Earwax, or cerumen, naturally produces to protect your outer ears. It is made up of dirt, oil, sweat, and dead skin cells.
Is your earwax dry or wet?
Producing dry earwax is common among Asians, Native Americans, and Pacific Islanders.
Producing wet earwax is common among Africans and Caucasians.
What is the pigment of your earwax?
Old earwax is generally dark brown or black. Its color is caused by trapped bacteria and dirt. This earwax color is more common in adults.
Light brown, orange, or yellow earwax are considered healthy and normal. Children generally have softer, light-colored earwax.
Dark brown earwax, with any red, might indicate a bleeding wound.
White earwax that is flaky, is a sign that your body does not produce a chemical linked to body odor.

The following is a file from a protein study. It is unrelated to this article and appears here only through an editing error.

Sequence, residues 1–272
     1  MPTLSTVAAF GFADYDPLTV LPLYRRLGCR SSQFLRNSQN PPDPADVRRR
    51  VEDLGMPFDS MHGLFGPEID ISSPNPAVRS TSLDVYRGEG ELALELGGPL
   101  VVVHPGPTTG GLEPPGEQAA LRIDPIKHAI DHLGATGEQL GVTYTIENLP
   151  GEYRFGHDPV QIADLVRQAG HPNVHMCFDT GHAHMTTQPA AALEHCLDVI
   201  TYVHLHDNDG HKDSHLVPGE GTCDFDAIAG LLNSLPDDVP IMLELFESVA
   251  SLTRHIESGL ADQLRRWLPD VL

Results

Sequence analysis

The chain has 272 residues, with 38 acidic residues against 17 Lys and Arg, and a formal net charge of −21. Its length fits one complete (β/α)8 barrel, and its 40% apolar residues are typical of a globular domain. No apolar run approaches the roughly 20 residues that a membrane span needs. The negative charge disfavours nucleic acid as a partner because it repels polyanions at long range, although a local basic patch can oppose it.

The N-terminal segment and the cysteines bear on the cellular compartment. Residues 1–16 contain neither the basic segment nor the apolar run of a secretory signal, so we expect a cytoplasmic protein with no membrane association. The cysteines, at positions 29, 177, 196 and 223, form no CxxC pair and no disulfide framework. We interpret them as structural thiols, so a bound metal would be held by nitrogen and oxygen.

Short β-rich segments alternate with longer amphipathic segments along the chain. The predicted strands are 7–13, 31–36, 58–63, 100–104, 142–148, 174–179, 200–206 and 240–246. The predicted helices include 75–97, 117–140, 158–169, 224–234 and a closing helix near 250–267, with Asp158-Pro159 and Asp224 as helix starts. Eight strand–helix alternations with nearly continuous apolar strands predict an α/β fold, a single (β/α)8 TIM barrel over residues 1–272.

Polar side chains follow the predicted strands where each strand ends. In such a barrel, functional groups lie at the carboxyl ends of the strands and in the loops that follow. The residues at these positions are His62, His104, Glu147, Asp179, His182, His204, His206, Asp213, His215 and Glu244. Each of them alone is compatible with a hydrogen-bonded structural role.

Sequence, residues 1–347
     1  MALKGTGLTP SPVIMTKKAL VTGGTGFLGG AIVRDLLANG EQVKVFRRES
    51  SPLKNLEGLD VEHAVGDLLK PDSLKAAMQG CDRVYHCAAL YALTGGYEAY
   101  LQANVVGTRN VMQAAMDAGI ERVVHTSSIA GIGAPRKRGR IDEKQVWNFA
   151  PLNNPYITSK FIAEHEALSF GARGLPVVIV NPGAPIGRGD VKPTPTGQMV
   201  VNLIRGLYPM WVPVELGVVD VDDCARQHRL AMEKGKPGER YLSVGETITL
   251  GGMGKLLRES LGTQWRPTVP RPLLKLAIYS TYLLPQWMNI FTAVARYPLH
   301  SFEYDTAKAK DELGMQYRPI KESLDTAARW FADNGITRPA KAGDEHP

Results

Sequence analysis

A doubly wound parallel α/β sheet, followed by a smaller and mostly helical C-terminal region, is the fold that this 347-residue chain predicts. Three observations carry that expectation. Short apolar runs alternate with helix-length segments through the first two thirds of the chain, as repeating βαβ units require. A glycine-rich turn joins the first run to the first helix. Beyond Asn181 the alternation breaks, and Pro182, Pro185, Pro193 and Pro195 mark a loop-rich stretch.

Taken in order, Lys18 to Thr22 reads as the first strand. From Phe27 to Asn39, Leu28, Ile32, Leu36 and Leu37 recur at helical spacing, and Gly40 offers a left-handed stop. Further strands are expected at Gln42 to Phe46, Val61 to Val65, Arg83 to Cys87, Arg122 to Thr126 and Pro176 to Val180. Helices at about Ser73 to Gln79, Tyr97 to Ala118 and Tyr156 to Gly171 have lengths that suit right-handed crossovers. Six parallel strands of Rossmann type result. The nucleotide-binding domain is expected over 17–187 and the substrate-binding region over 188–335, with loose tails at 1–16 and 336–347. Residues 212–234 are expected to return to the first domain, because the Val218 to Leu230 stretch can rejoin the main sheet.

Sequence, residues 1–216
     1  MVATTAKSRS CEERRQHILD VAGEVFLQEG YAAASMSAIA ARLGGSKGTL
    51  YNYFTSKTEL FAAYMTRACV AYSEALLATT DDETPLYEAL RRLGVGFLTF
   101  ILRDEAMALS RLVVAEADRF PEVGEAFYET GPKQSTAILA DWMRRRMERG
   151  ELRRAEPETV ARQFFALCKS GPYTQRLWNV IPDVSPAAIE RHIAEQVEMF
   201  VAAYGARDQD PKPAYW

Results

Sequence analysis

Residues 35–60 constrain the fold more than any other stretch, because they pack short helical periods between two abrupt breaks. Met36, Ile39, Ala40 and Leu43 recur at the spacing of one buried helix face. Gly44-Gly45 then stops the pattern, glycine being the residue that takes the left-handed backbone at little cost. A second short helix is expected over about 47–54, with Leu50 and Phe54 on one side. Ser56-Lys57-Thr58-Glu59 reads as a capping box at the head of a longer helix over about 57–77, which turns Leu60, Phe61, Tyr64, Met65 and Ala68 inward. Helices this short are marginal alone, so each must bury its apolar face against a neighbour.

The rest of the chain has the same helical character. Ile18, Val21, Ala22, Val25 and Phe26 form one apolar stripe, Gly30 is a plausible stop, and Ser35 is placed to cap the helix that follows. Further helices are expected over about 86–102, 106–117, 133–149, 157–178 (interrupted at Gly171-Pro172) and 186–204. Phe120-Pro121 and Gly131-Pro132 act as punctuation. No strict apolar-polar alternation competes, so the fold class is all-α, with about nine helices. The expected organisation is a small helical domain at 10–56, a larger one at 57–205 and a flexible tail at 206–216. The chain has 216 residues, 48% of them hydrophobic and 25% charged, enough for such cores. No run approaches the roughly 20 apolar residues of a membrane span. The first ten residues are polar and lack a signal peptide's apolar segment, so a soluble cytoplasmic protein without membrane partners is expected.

What produces excess earwax?
Normally, your body will know how much earwax it needs to make. Keep a healthy diet, practice proper hygiene, and move your jaw around (the same way you do when talking and chewing food). Doing this will let your ears naturally remove excess cerumen, debris, or dirt. If you routinely remove earwax, this alerts your body to generate more. Excess earwax can prevent the ability to hear, which will put you at a higher risk of ear infections and other ear or hearing health problems.
Too much stress and over-exercising can increase the amount of earwax that is produced. The same apocrine glands which create sweat, also produce earwax. Excess earwax is typically found in individuals who:
Tips to safely clean out your ears:
Although there are benefits to having earwax, too much wax obstruction can induce conductive hearing loss (when sound waves cannot travel through the inner ear, because of the earwax obstruction). If your ears feel stuffy and believe that earwax may be the cause:
If you are unable to hear out of your hearing aids and notice that there is too much earwax that is clogging up your devices, contact us at Pure Sound for deep cleaning. We will be happy to help.
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